Nick Cannon wants to make it clear — he’s ready to repent.
In a nearly two-hour discussion with Rabbi Abraham Cooper of the Simon Wiesenthal Centre published on YouTube Tuesday, Cannon traversed several topics: He apologised again for making antisemitic comments on his online show; spoke about his study of multiple religions and his religious father; and exchanged philosophies of forgiveness and evil with Cooper.
“I didn’t do this to … ‘Oh let’s show the world we can work together.’ I did this from a place of sincerity,” Cannon said in the talk, which makes up the latest edition of his show “Cannon’s Class.”
During the spirited discussion, Cannon said that he is going to visit Jerusalem at some point and hinted that he is “studying the Torah daily.” He also said he has read Bari Weiss’ recent book “How To Fight antisemitism.”
“I am asking to be corrected from your community, give me books, teach me, I am an empty vessel, an empty broken vessel,” he said. “Teach me, fix me, lead me.”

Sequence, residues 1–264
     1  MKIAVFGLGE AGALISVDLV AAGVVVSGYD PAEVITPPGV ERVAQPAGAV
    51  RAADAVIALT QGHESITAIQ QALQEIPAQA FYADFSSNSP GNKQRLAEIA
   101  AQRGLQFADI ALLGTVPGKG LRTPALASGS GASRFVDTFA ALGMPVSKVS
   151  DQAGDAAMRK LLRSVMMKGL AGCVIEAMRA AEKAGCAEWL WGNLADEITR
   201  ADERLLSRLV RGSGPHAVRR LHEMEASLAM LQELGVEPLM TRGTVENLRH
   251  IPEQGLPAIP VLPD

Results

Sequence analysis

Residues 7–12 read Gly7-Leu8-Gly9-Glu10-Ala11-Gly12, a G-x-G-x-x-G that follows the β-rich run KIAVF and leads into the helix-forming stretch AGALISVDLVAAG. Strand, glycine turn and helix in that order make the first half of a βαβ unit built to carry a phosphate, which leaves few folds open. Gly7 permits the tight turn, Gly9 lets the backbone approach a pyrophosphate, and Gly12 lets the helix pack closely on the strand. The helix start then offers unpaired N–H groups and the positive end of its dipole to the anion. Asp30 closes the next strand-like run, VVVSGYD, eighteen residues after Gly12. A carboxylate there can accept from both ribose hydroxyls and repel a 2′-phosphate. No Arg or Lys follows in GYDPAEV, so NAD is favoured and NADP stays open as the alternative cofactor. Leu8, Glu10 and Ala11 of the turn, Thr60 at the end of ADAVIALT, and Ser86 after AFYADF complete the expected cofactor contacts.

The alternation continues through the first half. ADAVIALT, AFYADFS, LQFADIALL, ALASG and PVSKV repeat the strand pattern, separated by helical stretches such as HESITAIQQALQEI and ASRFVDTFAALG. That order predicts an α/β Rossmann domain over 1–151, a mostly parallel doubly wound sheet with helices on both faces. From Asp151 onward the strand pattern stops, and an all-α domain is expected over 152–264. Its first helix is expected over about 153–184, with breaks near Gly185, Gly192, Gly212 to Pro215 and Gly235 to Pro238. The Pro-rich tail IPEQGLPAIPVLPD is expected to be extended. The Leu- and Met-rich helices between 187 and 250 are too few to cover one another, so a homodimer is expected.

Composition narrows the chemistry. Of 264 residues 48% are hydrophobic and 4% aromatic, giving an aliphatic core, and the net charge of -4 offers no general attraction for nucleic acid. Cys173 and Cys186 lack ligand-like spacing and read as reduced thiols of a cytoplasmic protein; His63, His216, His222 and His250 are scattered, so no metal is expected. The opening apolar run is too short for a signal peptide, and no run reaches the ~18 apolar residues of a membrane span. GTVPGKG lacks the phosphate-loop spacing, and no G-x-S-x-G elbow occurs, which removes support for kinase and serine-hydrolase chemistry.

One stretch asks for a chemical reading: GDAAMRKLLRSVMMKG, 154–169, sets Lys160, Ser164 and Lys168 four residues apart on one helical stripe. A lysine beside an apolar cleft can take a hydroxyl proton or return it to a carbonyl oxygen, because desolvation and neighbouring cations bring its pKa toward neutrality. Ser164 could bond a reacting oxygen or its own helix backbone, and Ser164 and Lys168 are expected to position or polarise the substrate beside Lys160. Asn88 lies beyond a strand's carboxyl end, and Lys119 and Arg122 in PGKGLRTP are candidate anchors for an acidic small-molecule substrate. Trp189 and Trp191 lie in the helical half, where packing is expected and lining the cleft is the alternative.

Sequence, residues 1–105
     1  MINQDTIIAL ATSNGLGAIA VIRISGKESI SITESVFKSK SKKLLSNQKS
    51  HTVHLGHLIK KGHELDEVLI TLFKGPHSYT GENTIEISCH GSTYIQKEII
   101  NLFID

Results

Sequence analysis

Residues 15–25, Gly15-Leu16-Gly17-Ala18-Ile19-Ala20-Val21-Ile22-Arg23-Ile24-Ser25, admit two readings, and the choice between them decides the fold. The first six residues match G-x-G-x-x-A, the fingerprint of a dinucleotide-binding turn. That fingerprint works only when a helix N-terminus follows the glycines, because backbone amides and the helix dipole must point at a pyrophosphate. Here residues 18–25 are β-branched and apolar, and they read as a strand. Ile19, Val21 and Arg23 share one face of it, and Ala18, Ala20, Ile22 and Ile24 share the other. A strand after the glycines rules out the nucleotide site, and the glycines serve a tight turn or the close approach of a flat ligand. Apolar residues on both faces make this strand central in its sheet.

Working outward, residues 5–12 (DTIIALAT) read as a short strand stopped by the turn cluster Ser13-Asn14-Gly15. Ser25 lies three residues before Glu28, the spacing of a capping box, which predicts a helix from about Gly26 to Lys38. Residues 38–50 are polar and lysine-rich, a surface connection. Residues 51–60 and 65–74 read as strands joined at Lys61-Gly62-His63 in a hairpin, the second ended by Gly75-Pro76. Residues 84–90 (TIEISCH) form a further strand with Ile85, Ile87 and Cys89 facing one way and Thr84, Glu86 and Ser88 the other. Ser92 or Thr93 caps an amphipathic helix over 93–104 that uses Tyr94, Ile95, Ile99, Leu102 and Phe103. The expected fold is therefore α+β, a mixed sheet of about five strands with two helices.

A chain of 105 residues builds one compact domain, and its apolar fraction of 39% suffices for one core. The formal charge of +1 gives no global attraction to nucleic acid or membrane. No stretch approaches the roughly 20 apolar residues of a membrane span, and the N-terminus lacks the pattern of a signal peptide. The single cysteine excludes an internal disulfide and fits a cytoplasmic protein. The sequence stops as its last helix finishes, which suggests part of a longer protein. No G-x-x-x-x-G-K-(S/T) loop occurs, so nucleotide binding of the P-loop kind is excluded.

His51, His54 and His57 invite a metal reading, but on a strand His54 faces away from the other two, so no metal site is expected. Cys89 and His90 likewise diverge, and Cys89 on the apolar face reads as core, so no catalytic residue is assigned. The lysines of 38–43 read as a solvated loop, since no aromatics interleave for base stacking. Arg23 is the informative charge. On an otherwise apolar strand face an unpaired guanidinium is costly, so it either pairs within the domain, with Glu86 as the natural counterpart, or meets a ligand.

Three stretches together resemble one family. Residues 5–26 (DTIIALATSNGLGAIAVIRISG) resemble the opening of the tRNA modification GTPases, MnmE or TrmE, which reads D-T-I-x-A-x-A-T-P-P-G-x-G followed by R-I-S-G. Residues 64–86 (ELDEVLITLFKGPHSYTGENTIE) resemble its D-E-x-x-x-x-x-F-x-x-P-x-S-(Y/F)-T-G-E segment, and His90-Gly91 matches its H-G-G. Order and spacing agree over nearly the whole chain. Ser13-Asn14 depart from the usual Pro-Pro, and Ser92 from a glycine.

But Cannon did not directly disavow the antisemitic rhetoric of Nation of Islam leader Louis Farrakhan, whom Cooper mentioned repeatedly as the source of the conspiracy theories he said Cannon was “parroting.”
On a recent episode of “Cannon’s Class,” Cannon mentioned antisemitic theories — including the idea that “Zionists” and “Rothschilds” have “too much power” — in a conversation with Professor Griff, a rapper best known for being a member of the early hip-hop group Public Enemy. Cannon also praised Farrakhan and claimed that Black people are the “true Hebrews.”
ViacomCBS cut ties with the TV host and actor in the wake of the statements. Fox allowed him to keep his job as host of the show “The Masked Singer” after he issued an official apology statement.
Jewish Insider reported that Cannon and Cooper recorded the interview last week, and that Cannon visited the Wiesenthal Centre’s Museum of Tolerance in Los Angeles on Monday. Cannon also donated money to the Centre, which is dedicated to spreading awareness about the Holocaust and is currently closed to the public.
Watch the full talk, which is broken up into two videos, below.